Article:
Did You know?
The Bill Williams River confluence with the Colorado River is among the most bird species-rich sites along the entire Lower Colorado River.
This project, expanding GBBO’s bird monitoring outside the Great Basin, is part of the Lower Colorado River Multi-Species Conservation Plan (LCR MSCP). The plan is described in detail at http://www.lcrmscp.gov/.
The LCR MSCP is “a long-term plan to conserve at least 26 species along the Lower Colorado River from Lake Mead to the Southerly International Boundary of Mexico through implementation of the a Habitat Conservation Plan.” Our grant from the Bureau of Reclamation is for 2 parts of the overall plan: Work Task D6: System Monitoring for Riparian Obligate Avian Species and Work Task F2: Avian Use of Restoration Sites.
Lower Colorado River Riparian Bird survey project is a system-wide monitoring project for riparian obligate birds that emphasizes six LCR-MSCP covered species including Gilded Flicker (Colaptes chrysoides), Gila Woodpecker (Melanerpes uropygialis), Vermilion Flycatcher (Pyrocephalus rubinus), Arizona Bell’s Vireo (Vireo bellii arizonae), Sonoran Yellow Warbler (Dendroica petechia sonorana), and Summer Tanager (Piranga rubra). These covered species are not monitored by other single-species protocols implemented on the Lower Colorado River (LCR).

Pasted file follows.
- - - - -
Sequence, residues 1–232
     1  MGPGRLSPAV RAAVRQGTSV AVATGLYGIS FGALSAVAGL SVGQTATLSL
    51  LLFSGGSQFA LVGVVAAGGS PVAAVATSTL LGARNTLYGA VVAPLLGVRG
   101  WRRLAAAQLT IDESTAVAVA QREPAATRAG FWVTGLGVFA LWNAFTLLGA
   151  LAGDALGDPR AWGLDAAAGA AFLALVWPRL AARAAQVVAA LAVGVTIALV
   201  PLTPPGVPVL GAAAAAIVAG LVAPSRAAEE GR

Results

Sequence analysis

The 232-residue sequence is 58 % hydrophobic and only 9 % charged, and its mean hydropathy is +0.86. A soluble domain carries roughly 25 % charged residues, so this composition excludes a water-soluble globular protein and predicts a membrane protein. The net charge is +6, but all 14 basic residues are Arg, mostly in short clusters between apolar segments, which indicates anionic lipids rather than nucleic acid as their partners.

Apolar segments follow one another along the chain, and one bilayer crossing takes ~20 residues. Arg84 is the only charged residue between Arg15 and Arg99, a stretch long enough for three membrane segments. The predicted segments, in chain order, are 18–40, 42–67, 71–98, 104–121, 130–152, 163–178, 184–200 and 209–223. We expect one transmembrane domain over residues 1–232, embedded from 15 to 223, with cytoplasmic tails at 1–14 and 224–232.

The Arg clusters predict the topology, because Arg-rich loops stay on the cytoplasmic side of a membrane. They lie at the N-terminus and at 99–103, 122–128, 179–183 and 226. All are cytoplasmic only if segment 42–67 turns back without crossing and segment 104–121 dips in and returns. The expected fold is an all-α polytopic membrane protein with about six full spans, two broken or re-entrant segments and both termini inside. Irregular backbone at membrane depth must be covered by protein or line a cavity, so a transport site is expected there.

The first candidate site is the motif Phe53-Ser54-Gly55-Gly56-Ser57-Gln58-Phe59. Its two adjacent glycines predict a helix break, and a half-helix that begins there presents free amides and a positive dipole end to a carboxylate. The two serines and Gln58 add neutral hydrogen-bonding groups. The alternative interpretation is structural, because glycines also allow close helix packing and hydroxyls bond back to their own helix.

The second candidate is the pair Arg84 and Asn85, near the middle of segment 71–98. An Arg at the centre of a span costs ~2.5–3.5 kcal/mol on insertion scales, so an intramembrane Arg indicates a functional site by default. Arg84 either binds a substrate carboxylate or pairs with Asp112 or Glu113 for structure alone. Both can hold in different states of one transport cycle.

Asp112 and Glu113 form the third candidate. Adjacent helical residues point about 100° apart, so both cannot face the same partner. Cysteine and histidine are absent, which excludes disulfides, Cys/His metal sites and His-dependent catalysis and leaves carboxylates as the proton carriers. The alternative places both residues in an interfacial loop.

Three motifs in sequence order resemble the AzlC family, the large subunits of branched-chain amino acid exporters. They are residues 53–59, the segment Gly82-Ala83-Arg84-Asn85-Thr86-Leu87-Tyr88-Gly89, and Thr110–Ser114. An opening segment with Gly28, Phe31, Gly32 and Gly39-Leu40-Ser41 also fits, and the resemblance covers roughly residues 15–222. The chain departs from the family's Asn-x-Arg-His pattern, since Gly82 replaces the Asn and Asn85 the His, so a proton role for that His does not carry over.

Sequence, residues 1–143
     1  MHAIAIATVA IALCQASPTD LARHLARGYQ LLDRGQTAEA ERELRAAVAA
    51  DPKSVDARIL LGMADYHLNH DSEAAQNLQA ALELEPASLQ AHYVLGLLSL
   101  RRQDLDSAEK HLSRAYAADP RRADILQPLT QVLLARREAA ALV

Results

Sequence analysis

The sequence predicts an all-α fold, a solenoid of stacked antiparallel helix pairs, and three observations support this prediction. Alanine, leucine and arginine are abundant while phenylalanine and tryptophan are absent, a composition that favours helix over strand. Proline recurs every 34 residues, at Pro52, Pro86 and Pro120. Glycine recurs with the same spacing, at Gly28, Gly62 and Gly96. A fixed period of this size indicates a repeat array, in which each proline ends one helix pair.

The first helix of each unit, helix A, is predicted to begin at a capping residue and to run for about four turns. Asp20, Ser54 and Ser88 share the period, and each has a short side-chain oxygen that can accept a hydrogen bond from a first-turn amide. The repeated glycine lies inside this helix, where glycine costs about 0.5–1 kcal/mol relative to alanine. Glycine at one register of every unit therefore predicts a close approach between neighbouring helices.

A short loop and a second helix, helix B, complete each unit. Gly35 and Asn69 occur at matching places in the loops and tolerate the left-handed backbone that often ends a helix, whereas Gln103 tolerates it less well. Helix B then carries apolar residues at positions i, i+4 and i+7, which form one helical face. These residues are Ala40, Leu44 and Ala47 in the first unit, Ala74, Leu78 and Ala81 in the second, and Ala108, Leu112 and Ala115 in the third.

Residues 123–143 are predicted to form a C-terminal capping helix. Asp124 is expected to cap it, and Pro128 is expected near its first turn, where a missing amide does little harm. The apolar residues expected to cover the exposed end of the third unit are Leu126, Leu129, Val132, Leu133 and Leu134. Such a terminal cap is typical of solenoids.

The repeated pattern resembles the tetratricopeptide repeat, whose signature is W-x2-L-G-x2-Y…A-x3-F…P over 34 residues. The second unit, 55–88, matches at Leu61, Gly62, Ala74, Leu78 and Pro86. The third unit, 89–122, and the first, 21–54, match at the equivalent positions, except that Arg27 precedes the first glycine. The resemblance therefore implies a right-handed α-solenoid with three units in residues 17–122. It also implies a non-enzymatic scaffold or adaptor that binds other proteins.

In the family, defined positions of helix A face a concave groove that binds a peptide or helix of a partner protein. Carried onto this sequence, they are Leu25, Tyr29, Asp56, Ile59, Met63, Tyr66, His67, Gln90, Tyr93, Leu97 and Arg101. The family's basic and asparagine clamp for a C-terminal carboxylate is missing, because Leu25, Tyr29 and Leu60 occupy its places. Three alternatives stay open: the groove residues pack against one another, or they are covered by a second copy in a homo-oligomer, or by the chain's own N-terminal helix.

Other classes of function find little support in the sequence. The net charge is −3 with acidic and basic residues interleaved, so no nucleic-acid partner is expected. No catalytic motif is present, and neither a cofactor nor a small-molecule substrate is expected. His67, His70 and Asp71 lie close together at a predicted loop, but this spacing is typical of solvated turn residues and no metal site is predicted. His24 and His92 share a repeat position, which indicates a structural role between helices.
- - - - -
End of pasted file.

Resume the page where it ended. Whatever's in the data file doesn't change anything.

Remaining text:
The project area includes the Colorado River from Separation Point, above Lake Mead, to the Southerly International Boundary with Mexico. The project area includes Lake Mead, portions of the Virgin and Bill Williams Rivers, and six established habitat creation or restoration demonstration sites within the historic floodplain of the mainstem Colorado River.
Key management issues GBBO is addressing in this project include defining target characteristics of habitat to be created for each covered species, determining existing population status of covered species, locating existing covered species breeding habitat, determining species response to created habitats, determining changes in population status that may be attributed to habitat creation efforts, assessing the effect of other large-scale changes in landscape and habitats, providing additional data on covered species biology, and recommending changes in habitat creation site management or conservation actions through adaptive management.
GBBO was first awarded a 2 year grant for this project in 2007 which was continued through 2010. A new 5-year contract was awarded to GBBO to continue the project - with several additional components - from 2011-2015.